In the 1950s, Soviet engineers built a massive city in the Caspian Sea off the coast of Azerbaijan. It was a network of oil platforms linked by hundreds of kilometers of roads and housing 5,000 workers, with a cinema, a park and apartment blocks. Gradually disintegrating but still closely guarded, this astonishing place inspired a fiery scene in a James Bond movie.Von Arno Frank
Azerbaijan's pledges to respect human rights ahead of the Eurovision Song Contest turned out to be largely superficial, despite widespread international criticism. But organizers also failed to ensure that their democratic values were upheld, avoiding conflict for the sake of a good party.Von Stefan Niggemeier
The Eurovision Song Contest has a massive gay following. But homophobia is rife in this year's host country, Azerbaijan, where gays and lesbians have to keep a low profile and fear violent attacks. Even so, locals say that gay Eurovision fans traveling to Baku needn't fear for their safety -- because the regime doesn't want any trouble.Von Annette Langer
Preparations for the first semi-final of the 2012 Eurovision Song Contest on Tuesday were overshadowed by a diplomatic row between host country Azerbaijan and its neighbor Iran. The latter recalled its ambassador over accusations that Baku was planning an accompanying "gay parade."
Azerbaijan's Eurovision hopeful believes the world's largest non-sports TV event is an opportunity to "open our hearts to Europe." But Sabina Babayeva seems baffled by the idea that some Europeans believe that they should neither visit nor support a country with an oppressive regime like that of the Aliyevs in Baku.Von Annette Langer
Ingrid Deltenre heads the European Broadcasting Union (EBU), which organizes the Eurovision Song Contest being held in Azerbaijan, a country widely criticized for human rights violations, at the end of May. In a SPEIGEL interview she defends the choice of the controversial location and warns that politicizing the contest could kill it.
German television stations and newspapers have been reporting extensively on human rights abuses in Azerbaijan ahead of the Eurovision Song Contest there. Now Baku has accused "certain circles" in Germany of orchestrating a media campaign of slander and deceit against the country.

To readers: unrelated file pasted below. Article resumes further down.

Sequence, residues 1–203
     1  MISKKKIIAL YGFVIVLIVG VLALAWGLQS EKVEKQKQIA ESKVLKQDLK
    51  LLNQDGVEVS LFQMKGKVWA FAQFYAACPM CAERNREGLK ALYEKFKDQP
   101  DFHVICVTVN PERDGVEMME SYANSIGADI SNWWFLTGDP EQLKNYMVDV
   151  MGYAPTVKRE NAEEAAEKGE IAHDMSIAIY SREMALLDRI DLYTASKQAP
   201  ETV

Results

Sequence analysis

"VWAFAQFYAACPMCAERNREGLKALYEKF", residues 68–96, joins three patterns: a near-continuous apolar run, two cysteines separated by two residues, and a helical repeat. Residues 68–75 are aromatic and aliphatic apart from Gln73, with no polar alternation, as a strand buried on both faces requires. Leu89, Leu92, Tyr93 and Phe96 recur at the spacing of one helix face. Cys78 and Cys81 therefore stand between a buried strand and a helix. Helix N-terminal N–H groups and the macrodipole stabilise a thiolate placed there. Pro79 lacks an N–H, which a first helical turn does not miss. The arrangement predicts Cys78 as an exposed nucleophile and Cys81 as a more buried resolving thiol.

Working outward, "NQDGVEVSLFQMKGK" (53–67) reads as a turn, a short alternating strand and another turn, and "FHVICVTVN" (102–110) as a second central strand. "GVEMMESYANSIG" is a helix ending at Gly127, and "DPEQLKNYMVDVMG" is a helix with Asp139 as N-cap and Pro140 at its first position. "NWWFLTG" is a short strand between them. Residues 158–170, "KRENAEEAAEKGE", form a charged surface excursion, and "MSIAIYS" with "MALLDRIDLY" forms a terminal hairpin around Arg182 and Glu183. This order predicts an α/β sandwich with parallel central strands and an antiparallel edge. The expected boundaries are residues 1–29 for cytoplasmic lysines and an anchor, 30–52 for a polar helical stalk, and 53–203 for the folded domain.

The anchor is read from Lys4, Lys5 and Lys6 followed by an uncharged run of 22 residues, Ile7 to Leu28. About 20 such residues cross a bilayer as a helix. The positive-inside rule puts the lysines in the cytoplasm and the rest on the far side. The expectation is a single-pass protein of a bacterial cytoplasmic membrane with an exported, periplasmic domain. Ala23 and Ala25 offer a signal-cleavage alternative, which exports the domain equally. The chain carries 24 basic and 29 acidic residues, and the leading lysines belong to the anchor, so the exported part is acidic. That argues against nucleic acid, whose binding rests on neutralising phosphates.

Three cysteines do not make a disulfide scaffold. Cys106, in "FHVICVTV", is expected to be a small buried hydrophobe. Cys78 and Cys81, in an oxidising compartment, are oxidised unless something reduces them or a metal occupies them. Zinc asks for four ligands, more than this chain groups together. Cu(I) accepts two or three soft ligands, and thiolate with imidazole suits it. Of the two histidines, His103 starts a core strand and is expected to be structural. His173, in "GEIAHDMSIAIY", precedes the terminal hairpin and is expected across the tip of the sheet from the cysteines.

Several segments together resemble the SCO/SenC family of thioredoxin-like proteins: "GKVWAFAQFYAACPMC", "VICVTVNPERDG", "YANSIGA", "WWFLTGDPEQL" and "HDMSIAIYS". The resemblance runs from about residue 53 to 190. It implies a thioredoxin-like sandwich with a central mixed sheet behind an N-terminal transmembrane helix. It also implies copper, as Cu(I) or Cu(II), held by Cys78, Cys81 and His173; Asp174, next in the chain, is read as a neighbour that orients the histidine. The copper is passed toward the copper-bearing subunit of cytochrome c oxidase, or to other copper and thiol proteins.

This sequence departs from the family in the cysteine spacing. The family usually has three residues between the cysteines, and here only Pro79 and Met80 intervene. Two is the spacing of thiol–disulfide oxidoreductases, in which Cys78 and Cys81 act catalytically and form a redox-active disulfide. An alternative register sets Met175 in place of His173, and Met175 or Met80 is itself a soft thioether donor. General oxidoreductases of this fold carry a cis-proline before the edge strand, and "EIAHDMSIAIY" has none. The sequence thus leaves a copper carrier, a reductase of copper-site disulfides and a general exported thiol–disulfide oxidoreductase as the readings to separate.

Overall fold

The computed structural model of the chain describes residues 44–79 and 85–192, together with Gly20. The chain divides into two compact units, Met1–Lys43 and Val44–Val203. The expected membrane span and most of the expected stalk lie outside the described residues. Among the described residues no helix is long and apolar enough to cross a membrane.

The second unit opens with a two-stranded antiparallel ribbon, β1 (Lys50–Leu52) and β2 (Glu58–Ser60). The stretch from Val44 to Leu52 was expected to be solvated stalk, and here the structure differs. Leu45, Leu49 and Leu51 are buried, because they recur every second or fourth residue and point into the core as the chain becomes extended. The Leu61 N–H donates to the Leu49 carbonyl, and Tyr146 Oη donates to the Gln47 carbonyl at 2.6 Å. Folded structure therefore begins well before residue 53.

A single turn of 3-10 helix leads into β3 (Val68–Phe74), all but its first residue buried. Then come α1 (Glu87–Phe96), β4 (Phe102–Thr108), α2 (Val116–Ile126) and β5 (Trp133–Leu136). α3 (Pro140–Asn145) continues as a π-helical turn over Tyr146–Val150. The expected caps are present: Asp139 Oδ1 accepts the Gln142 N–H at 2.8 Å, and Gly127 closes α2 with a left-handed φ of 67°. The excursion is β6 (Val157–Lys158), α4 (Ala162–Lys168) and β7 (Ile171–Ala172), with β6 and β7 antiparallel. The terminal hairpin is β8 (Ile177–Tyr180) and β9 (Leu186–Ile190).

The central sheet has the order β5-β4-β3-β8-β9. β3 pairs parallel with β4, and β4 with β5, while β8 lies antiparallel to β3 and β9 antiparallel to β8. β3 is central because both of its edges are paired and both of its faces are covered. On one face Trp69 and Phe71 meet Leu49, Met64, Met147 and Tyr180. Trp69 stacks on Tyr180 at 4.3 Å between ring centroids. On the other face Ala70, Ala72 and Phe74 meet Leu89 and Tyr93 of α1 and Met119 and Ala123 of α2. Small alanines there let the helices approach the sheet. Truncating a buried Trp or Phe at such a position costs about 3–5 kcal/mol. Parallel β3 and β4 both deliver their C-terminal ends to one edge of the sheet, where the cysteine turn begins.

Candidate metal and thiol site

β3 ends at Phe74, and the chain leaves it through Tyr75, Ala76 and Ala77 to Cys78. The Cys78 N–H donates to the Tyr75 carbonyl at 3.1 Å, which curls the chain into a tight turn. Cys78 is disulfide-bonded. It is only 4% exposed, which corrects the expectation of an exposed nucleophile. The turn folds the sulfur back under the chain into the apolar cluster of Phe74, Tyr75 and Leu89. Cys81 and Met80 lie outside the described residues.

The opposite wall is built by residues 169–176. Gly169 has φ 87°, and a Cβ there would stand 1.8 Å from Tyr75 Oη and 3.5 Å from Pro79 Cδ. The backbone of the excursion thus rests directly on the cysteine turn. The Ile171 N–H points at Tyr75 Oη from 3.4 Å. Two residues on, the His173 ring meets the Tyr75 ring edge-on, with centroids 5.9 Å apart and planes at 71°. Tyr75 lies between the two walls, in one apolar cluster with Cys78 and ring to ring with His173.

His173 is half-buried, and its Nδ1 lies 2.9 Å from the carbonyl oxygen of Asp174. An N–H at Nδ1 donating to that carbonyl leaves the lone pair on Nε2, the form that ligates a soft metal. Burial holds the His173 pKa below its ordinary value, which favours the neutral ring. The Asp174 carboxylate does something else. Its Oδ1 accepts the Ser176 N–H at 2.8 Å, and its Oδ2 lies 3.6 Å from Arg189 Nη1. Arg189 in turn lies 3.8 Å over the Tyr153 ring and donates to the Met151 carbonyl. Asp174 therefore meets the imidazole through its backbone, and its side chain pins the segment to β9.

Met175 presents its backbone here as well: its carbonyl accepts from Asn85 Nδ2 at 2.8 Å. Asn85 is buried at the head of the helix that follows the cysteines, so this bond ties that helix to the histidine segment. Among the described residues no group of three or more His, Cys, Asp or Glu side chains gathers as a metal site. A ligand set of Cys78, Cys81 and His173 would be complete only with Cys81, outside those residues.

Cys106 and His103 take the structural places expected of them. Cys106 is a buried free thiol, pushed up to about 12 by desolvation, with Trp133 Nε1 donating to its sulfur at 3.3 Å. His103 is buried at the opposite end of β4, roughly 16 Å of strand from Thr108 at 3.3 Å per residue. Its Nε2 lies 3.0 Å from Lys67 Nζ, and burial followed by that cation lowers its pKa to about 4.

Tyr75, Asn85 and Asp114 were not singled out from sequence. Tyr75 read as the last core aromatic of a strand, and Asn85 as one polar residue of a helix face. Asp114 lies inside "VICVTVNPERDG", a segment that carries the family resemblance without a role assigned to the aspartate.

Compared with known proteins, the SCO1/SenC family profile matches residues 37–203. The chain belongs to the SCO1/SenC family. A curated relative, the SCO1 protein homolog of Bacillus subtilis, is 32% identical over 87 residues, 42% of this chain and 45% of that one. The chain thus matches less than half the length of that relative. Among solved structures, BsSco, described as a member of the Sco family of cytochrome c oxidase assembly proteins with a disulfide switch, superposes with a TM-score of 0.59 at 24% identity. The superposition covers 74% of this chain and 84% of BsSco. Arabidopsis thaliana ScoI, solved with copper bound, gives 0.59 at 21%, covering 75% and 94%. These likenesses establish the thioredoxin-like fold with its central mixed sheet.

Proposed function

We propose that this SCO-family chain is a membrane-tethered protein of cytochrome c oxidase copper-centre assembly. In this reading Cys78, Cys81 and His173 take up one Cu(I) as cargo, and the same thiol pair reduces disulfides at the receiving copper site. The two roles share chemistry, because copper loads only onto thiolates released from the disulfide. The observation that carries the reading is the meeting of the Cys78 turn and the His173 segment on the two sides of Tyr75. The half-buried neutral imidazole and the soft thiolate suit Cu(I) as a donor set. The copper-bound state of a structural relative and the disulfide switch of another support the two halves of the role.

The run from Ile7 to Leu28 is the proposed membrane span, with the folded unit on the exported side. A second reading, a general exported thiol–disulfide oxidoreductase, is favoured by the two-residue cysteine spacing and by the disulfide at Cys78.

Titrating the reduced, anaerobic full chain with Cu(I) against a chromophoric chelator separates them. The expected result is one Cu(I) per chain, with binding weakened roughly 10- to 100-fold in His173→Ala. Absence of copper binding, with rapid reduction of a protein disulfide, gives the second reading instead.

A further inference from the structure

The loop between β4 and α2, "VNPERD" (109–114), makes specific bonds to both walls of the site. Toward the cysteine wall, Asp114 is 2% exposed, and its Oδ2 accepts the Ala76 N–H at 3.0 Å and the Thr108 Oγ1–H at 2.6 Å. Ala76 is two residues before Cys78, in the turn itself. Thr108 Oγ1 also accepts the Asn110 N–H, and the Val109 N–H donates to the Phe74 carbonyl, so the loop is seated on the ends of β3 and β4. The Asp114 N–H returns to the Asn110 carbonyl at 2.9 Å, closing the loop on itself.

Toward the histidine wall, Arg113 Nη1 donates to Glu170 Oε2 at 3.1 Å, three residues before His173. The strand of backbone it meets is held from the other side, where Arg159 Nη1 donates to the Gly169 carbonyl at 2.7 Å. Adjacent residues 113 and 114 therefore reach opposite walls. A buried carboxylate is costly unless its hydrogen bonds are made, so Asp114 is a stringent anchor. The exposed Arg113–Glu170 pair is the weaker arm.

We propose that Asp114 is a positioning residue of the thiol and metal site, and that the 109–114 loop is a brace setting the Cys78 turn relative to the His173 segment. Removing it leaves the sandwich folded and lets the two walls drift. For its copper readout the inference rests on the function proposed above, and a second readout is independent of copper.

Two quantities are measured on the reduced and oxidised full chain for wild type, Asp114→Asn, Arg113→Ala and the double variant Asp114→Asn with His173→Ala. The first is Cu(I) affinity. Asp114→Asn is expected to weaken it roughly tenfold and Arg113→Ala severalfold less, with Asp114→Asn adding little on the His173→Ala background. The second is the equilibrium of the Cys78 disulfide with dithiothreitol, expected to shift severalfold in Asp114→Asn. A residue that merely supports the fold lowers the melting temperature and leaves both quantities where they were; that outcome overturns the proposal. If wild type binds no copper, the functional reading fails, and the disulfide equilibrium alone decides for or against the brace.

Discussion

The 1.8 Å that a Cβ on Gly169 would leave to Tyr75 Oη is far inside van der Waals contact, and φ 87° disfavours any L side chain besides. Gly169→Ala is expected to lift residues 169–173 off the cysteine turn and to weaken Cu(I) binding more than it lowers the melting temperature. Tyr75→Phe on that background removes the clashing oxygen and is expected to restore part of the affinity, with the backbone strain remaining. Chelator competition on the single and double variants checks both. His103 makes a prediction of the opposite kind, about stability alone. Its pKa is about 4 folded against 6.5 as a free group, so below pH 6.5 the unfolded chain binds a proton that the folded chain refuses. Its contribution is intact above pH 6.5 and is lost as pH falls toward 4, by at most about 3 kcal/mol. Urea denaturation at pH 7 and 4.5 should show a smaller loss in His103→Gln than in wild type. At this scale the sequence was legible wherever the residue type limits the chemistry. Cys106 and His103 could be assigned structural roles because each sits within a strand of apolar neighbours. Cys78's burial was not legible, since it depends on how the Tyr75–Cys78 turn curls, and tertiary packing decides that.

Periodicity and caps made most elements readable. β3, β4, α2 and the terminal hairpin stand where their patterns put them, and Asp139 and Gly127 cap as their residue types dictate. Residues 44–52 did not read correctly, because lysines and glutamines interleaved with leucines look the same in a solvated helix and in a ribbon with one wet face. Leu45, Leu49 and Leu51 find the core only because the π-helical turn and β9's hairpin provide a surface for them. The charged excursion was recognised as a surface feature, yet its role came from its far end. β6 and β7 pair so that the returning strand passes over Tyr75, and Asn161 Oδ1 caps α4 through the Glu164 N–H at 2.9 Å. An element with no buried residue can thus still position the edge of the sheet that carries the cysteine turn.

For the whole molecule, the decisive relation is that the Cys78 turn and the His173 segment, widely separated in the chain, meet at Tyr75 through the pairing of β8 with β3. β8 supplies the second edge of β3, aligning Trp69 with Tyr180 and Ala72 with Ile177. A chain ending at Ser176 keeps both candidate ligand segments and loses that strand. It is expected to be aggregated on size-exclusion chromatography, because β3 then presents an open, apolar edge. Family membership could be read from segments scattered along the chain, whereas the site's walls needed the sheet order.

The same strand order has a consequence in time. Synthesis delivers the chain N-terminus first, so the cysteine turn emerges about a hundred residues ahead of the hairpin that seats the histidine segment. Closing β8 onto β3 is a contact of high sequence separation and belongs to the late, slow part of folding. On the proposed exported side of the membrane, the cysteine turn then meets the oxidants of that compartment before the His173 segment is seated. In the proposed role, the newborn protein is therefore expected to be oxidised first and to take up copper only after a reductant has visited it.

On the eve of the Eurovision Song Contest, scrutiny of host Azerbaijan is increasing, particularly the country's human rights record. A confidential German Foreign Ministry report, which SPIEGEL has seen, criticizes "state repression" in the country.Von Walter Mayr
Baku, set to host the Eurovision Song Contest in just over a month, is rapidly trying to become a modern city. To do so, it is forcibly removing residents from their homes to make way for slick new skyscrapers and other development projects. Those who try to stay bear the brunt of the government's wrath.Von Annette Langer
They are frequently harassed, sometimes beaten and even filmed while having sex: The risks to journalists in Azerbaijan are many. Ahead of the Eurovision Song Contest, the authoritarian government in Baku has shown no signs of relenting. The country's opposition says foreign journalists should beware.Von Annette Langer
The Eurovision Song Contest in Azerbaijan this year should be used as a forum for promoting civil rights in that country, German Foreign Minister Guido Westerwelle said on Wednesday. The same should apply to Ukraine, which will co-host the European football championship and is under fire for jailing Yulia Tymoshenko, the former prime minister, he added.
While the Azerbaijani government hopes to burnish its image by hosting the Eurovision Song Contest in May, civil rights activists are struggling to draw more attention to the country's human rights violations. Standing uncomfortably in the middle are the organizers of this supposedly "apolitical" event.Von Stefan Niggemeier
Azerbaijan will play host to this year's Eurovision Song Contest. In the run-up to Europe's largest television event, the authoritarian regime has launched a campaign to improve its image. German PR experts, lobbyists and politicians across the spectrum are playing a role in those efforts.Von Ralf Neukirch
Azerbaijan is rife with corruption and comparisons to European feudalism in the Middle Ages are hardly a stretch. But with vast reserves of oil and natural gas at stake, the US is willing to risk the embarrassment that comes with courting the country.Von Gregor Peter Schmitz
Russian President Vladimir Putin has put Bush on the back foot over the US's planned European missile defense system with his offer of a radar station in Azerbaijan. But experts say the proposal is technically unfeasible.Von Ralf Beste und Alexander Szandar
President Vladimir Putin has proposed that Russia and the US jointly use an existing radar station in the former Soviet republic of Azerbaijan as a way to resolve their dispute over the planned US missile shield in Eastern Europe. George W. Bush called it an "interesting proposal." Is the ice breaking?
Turkey, Georgia and Azerbaijan have signed an agreement to build a rail corridor that they hope will eventually link Europe with Asia. However, one country in the region -- Armenia -- is being left out.